As Balthaser so convincingly demonstrates, artistic experiments such as Welles’s demand to be read in dialectical relationship to the historical ground pounded by marching feet.

Demonstrating how anti-imperialism was “constitutive of the Popular Front and modernist imaginary,” Anti-Imperialist Modernism expands the historical and conceptual terrain of earlier foundational studies of Popular Front culture tacitly bound to the study of left populist forms rooted in national traditions (a version of Antonio Gramsci’s “national-popular”). (4)(2)

The first chapter, for example, examines how Cuba occupied the imagination of four of the most influential writers of the period: Josephine Herbst, Clifford Odets, Ernest Hemingway and Langston Hughes. For all four (though to different ends), the experience of traveling in Cuba and engaging with U.S.-Cuba politics engendered crises of representation. In the political and literary realms, Cuba emerged as a site that destabilized racial and national forms of identity in ways that lead to formal innovation.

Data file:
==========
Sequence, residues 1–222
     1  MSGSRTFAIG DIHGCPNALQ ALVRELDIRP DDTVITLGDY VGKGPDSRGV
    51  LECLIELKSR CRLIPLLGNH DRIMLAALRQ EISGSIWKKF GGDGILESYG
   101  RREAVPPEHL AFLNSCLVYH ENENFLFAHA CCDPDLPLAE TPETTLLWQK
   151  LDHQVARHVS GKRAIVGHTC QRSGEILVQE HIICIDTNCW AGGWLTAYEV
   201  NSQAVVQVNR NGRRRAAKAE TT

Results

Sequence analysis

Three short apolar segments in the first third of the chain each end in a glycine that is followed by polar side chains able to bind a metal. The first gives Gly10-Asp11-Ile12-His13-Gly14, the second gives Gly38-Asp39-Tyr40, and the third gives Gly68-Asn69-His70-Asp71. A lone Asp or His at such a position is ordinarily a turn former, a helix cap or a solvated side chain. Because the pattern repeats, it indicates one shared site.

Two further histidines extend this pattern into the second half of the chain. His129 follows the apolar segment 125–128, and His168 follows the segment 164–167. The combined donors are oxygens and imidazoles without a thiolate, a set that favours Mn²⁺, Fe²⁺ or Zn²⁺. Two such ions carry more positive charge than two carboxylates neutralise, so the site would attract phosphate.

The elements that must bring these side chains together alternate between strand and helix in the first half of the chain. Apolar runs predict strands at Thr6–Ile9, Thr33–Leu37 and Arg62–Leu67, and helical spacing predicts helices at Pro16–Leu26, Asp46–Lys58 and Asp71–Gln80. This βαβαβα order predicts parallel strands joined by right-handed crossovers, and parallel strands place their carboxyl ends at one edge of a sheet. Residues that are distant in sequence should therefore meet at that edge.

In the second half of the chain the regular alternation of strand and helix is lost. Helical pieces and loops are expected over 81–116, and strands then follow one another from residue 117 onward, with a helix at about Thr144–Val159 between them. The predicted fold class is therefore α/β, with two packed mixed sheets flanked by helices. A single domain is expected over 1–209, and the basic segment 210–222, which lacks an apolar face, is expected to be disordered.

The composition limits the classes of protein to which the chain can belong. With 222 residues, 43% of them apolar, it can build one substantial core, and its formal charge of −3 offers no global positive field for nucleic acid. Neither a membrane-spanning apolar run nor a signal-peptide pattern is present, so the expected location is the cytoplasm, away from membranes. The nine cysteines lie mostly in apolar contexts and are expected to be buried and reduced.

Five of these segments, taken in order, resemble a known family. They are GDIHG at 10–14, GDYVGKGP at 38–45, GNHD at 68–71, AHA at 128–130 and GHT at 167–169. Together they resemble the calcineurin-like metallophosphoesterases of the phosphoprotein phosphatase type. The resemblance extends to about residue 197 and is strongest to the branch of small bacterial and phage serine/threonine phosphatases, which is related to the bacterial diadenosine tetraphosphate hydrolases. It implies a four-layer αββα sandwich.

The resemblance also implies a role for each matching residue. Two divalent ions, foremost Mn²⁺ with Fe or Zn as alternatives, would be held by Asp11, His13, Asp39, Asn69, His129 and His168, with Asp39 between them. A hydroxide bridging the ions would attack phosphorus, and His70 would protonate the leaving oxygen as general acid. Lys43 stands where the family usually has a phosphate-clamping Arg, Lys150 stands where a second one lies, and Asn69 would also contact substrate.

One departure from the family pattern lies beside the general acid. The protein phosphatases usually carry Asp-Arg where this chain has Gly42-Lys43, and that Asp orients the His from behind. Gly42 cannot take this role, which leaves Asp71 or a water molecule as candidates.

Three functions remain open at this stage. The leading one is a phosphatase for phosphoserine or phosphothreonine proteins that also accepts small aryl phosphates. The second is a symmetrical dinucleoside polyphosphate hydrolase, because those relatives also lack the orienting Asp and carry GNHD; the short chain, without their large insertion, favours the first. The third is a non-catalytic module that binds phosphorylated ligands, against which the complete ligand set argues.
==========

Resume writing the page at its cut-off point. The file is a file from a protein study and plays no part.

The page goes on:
Central to Chapter One, then, is Balthaser’s analysis of social realism in relation to a Popular Front post-national imaginary that both contains a critique of the nation-state and proffers possibilities for transnational anti-imperialist solidarities. Questions of authenticity underwriting the social realist novel, Balthaser shows, are also questions about the terms of national belonging.

The book’s critique of the radical novel continues in Chapter Two, “Travels of an American Indian into the Hinterlands of Soviet Russia: Native American Modernity and the Popular Front,” which situates D’Arcy McNickle’s bildungsroman, The Surrounded (1936), in the context of theoretical writings by Nez Perce intellectual Archie Phinney.